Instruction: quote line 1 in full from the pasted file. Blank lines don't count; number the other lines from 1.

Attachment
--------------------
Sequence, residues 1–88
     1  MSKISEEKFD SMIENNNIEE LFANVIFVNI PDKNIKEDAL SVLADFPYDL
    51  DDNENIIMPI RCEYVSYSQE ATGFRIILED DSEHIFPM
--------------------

Sequence, residues 1–88